Lagrangian mechanics is a re-formulation of classical mechanics using Hamilton's Principle of stationary action. Lagrangian mechanics applies to systems whether or not they conserve energy or momentum, and it provides conditions under which energy and/or momentum are conserved. It was introduced by the Italian-French mathematician Joseph-Louis Lagrange in 1788.
In Lagrangian mechanics, the trajectory of a system of particles is derived by solving the Lagrange equations in one of two forms, either the Lagrange equations of the first kind, which treat constraints explicitly as extra equations, often using Lagrange multipliers; or the Lagrange equations of the second kind, which incorporate the constraints directly by judicious choice of generalized coordinates. The fundamental lemma of the calculus of variations shows that solving the Lagrange equations is equivalent to finding the path for which the action functional is stationary, a quantity that is the integral of the Lagrangian over time.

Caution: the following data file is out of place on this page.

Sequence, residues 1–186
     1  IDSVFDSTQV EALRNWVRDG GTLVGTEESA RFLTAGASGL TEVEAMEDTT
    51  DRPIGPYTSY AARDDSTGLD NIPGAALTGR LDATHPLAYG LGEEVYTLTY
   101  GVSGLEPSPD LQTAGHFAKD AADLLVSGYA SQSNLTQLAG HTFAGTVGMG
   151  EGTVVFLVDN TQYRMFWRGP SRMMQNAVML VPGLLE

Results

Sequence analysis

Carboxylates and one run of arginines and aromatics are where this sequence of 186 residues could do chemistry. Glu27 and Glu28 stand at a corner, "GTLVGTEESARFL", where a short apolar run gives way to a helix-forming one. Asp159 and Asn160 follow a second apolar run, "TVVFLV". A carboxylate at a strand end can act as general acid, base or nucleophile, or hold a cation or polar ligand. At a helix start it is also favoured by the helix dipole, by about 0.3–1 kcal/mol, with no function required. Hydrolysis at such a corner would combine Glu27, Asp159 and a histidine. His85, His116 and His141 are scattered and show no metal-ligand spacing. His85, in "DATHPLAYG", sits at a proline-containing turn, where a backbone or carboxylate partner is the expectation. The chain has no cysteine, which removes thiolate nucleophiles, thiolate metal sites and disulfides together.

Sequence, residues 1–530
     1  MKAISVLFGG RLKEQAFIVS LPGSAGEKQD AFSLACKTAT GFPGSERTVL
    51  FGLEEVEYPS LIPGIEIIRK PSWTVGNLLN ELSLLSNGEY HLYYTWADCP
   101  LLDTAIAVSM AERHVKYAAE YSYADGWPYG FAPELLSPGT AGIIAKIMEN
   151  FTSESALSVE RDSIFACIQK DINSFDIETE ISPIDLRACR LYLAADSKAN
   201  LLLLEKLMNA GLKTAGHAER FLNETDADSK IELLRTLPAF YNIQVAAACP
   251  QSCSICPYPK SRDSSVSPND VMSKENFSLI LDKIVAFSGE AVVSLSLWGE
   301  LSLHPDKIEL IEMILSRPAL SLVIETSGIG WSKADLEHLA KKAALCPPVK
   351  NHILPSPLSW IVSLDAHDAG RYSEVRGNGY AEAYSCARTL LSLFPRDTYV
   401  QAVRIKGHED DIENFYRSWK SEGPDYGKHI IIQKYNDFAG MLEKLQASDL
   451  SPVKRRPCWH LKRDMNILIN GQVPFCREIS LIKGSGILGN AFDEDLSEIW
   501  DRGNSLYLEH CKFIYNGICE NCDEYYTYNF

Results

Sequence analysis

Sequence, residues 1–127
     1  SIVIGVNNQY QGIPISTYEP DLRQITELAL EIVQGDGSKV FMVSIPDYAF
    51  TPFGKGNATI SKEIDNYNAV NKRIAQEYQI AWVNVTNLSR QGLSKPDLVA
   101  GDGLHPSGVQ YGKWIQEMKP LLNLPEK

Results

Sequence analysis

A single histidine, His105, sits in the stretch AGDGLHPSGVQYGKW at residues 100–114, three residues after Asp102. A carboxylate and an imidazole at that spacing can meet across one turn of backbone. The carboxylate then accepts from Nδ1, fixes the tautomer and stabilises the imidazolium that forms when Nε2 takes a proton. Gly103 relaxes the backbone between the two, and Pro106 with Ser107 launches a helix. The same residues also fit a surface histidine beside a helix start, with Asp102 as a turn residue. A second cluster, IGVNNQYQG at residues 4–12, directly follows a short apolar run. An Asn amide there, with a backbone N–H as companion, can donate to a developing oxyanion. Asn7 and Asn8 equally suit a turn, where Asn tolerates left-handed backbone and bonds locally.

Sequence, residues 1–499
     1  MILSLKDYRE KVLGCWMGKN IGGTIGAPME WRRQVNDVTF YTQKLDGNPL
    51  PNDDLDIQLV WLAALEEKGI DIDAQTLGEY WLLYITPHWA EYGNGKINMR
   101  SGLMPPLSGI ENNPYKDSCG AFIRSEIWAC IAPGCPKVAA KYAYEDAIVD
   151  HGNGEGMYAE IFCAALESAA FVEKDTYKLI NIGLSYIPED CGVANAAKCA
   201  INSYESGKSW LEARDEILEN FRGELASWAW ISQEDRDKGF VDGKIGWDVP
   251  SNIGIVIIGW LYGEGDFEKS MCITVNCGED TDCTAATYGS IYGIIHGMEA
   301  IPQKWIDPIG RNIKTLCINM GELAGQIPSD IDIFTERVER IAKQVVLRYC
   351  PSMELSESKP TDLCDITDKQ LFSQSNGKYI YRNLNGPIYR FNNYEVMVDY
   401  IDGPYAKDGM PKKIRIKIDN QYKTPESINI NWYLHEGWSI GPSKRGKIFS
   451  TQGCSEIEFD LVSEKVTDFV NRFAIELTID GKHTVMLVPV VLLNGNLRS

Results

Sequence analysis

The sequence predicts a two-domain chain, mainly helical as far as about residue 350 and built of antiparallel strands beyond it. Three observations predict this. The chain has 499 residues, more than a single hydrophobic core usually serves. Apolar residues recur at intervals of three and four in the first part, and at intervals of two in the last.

The use of generalized coordinates may considerably simplify a system's analysis. For example, consider a small frictionless bead traveling in a groove. If one is tracking the bead as a particle, calculation of the motion of the bead using Newtonian mechanics would require solving for the time-varying constraint force required to keep the bead in the groove. For the same problem using Lagrangian mechanics, one looks at the path of the groove and chooses a set of independent generalized coordinates that completely characterize the possible motion of the bead. This choice eliminates the need for the constraint force to enter into the resultant system of equations. There are fewer equations since one is not directly calculating the influence of the groove on the bead at a given moment.
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